How Automotive OEMs Can Solve Additive Manufacturing Challenges Through Digitisation

17 June 2021
BMW 3d printed car parts how digitisation can transform additive manufacturing in the automotive industry

[Image credit: BMW]

The automotive 3D printing market is forecasted to grow to $9 billion opportunity by 2029. Automating AM operations will be instrumental in driving this growth. 

Below, we explore the challenges AM users in the automotive industry face that can hamper this growth and how digitisation and software can help meet these challenges head-on.

Additive manufacturing in the automotive industry 


Fittingly for an industry that’s all about moving people and things around, the automotive industry is in the midst of a major shift. 

Semiconductor shortages, looming changes to fuel efficiency standards, and the ongoing rise of electric and hybrid vehicles worldwide are among several notable trends shaping the automotive industry in 2021. 

At the same time, automotive OEMs and suppliers are grappling with the effects of the pandemic. The COVID-19 pandemic put a dent into automotive sales, especially in its early months. Ultimately, 2020 sales fell approximately 15% year-over-year, indicating a massive drop for the industry.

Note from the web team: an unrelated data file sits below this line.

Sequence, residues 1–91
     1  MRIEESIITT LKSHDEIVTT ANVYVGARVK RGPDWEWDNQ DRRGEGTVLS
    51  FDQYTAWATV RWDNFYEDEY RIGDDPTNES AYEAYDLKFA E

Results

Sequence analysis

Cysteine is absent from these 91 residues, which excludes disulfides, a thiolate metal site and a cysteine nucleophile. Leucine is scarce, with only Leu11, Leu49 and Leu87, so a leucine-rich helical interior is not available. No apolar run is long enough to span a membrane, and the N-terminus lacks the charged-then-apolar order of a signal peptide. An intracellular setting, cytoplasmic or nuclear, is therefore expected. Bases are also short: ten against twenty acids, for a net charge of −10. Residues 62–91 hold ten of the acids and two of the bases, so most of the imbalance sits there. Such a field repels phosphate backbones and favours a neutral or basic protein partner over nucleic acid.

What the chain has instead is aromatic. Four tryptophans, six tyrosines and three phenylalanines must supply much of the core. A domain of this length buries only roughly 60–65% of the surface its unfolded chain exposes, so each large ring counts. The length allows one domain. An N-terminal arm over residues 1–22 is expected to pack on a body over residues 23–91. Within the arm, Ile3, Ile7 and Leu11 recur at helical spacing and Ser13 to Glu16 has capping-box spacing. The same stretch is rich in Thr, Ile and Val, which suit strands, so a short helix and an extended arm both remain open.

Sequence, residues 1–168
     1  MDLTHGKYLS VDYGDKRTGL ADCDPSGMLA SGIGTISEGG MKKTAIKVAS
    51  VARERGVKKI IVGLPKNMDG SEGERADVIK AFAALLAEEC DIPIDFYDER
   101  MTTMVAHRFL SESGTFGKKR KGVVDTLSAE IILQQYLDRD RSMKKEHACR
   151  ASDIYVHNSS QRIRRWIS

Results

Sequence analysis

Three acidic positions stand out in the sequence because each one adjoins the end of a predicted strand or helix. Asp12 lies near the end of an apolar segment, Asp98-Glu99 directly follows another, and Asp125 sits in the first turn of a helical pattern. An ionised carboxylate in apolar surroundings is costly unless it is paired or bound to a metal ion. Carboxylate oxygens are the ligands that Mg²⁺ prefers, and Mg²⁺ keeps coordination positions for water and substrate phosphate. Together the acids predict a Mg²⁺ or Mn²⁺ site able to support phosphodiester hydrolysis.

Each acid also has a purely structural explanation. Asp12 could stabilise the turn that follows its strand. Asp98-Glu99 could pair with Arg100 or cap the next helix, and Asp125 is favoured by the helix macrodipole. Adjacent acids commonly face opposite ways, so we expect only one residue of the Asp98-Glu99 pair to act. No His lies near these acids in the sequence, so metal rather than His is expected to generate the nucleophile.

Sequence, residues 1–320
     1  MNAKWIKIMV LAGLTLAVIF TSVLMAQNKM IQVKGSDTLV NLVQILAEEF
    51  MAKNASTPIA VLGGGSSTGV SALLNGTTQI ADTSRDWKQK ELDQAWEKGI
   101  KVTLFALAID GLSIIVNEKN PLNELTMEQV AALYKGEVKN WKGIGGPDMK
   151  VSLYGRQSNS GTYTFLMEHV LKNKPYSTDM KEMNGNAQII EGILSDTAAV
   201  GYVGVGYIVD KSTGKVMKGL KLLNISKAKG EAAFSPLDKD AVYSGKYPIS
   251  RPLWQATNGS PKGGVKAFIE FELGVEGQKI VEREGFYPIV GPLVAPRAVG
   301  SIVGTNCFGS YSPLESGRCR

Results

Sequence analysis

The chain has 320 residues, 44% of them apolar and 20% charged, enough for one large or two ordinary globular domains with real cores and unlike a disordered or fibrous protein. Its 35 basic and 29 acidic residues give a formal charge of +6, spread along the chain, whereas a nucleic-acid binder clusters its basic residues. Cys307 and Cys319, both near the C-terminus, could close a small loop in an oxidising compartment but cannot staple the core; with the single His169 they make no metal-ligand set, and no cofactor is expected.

As part of these trends, automakers have been making strategic investments in flexible manufacturing and supply chain resilience. That includes being able to incorporate design changes faster, improve the efficiency of the assembly line with more ergonomic tools, and provide agility with on-demand spare parts. 

Additive manufacturing has been instrumental in helping automakers invigorate their industry through flexible manufacturing. 

On the one hand, the technology has been entrenched in automotive product development, allowing designers to iterate and validate designs faster with 3D-printed prototypes. On the other hand, major automakers have also been expanding their use of 3D printing for assembly line tools, spare and end-use car parts. 

The growing use of AM in production is also partly driven by the rise of E-vehicles. Electric cars need to be lighter to be more energy-efficient.

3D printing for electric vehicles on the picture Ollie and FUV
Electric vehicles featuring 3D-printed components [Image credits: Local Motors, Arcimoto]

Reducing components’ weight requires new approaches to the design of the components under the hood. AM is one such technology that enables lightweighting and new designs unfeasible with traditional manufacturing methods. 

That said, as the use of AM in automotive grows, so does the complexity of managing AM production, including order fulfilment, quality control and supply chain management. Whether for prototyping or serial production, carmakers who use AM in-house have to navigate many challenges.